Water-borne bacteria and viruses can cause serious health problems, but many places in Africa do not have access to clean drinking water. Mdori, in Tanzania, is one of those places. In addition, its natural spring water is too high in salt and fluoride. The new ROSI water filtration system could change this.
Due to high temperatures and a dry climate outside of the rainy season, water in Mdori is scarce. According to the Karlsruhe Institute of Technology (KIT), from where tests of the system are being run, a well in Mdori from which natural spring water can be extracted produces water that is both very high in salt content and has a fluoride content of 60 µg of per liter. This is 40 times the level that the World Health Organization (WHO) deems safe for human consumption.
NEW ATLAS NEEDS YOUR SUPPORT
Upgrade to a Plus subscription today, and read the site without ads.
It's just US$19 a year.UPGRADE NOW
In order to find a solution to this problem, Professors Andrea Schäfer and Bryce Richards developed ROSI (the Reverse Osmosis Solar Installation) and have been testing it in Mdori. ROSI is able to filter out undesirable substances, bacteria and viruses from water, as well as reduce fluoride levels to within WHO recommendations.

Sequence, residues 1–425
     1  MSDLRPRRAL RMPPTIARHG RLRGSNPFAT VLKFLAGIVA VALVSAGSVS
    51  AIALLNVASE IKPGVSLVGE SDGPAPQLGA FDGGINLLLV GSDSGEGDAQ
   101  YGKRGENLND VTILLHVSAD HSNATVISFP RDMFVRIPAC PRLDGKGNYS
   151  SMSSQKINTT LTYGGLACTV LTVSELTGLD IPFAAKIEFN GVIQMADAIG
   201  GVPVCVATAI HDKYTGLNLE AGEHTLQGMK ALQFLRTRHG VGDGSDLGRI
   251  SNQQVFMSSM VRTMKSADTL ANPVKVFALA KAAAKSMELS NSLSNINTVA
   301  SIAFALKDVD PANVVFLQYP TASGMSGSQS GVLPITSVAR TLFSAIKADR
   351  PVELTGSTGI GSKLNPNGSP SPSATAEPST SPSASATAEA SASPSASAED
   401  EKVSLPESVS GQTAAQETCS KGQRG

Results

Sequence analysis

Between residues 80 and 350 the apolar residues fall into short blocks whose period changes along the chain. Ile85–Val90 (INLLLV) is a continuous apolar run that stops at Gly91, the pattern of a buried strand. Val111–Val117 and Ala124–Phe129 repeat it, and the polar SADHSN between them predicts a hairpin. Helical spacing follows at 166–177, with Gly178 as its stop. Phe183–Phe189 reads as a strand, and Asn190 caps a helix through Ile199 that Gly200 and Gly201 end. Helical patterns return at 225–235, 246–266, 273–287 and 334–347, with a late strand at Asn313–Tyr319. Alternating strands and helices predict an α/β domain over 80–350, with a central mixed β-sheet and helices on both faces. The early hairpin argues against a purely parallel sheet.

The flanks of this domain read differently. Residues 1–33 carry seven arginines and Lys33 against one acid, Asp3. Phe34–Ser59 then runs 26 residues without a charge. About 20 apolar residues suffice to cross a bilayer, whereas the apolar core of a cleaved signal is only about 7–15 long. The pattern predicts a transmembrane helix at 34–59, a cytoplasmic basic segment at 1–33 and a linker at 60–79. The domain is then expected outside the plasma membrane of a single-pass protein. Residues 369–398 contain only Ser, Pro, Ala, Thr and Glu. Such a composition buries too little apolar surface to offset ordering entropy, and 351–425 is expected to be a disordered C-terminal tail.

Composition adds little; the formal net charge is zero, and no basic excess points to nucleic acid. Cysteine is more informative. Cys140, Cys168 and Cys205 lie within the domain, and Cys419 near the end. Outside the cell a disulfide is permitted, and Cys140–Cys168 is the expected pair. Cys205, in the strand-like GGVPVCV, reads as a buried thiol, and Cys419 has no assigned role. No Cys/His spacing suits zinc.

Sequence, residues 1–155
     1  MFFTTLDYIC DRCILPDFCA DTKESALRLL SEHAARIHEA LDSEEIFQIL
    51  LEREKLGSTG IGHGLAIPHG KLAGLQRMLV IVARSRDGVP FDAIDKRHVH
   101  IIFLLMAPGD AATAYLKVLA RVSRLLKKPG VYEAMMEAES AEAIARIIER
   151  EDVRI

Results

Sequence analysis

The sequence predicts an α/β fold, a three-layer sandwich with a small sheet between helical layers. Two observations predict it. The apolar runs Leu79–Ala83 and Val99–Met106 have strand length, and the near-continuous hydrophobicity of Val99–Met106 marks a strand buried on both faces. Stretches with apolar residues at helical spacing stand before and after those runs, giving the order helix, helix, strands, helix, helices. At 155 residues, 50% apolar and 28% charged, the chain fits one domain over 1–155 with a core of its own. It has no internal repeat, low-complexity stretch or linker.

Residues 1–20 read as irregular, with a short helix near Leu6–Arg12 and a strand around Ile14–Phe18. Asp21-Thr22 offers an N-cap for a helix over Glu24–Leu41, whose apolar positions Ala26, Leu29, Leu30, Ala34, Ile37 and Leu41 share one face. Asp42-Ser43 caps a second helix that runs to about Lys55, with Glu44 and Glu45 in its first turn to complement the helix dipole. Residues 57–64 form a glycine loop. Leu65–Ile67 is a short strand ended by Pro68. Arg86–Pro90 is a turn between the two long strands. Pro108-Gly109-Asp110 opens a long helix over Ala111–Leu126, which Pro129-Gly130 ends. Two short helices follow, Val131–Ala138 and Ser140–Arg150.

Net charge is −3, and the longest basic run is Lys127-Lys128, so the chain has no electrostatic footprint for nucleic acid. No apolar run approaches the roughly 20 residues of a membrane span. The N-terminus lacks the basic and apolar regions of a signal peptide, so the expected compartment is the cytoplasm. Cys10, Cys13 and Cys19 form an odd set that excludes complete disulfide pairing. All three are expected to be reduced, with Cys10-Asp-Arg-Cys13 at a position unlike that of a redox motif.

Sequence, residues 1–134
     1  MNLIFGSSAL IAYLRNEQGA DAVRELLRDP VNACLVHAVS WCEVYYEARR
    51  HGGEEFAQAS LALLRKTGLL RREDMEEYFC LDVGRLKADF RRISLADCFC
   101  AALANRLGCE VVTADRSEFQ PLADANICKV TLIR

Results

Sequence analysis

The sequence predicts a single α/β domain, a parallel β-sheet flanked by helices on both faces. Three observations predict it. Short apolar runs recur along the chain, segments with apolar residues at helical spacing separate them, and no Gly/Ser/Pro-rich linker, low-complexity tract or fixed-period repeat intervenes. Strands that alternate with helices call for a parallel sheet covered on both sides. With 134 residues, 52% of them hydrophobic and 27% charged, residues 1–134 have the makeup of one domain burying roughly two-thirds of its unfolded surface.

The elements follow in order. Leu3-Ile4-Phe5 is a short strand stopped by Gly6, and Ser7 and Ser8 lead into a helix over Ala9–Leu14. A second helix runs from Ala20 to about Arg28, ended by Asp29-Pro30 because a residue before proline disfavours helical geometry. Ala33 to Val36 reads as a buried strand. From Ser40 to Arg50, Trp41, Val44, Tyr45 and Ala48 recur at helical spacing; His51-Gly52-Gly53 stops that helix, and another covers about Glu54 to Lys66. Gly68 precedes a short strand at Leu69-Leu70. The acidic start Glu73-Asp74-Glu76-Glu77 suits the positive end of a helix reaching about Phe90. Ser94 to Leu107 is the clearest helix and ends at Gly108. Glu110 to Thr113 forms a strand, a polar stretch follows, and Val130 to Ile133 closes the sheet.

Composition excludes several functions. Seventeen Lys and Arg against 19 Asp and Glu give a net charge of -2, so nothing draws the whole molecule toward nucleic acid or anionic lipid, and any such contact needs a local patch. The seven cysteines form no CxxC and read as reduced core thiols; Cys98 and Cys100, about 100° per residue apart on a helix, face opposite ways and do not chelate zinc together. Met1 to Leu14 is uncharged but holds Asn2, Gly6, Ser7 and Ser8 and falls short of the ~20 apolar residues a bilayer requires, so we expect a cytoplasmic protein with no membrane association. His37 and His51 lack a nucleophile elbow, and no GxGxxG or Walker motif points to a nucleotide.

In order to do so, the system "combines ultrafiltration membranes of about 50 nm in pore size to retain macromolecular substances, particles, bacteria, and viruses with membranes for nanofiltration and reverse osmosis with pore sizes below 1 nm to remove dissolved molecules from the water."
ROSI is designed to be robust, mobile and to be operated with solar and/or wind power. If there is too little power available, for example at night time or due to cloud cover, filtration cannot be carried out. This was one area that Schäfer and Richards were looking at in their tests.
"If less power is available, pressure decreases. As a result, less water passes the membranes. The fluoride concentration increases for a short term," explains Schäfer. "The concentration of fluoride and other pollutants, however, is balanced as soon as more water passes the filter again. Hence, the water is completely safe."
ROSI was initially developed by Schäfer and Richards in Australia, before further work on it was carried out in Scotland. Field tests for the system were planned at at the Nelson Mandela African Institution of Science and Technology in Tanzania, and test were carried out earlier this year in Mdori, amongst other places. The results of the tests are currently being analyzed at KIT. The next stage for the tests will be for ROSI to be installed at selected locations.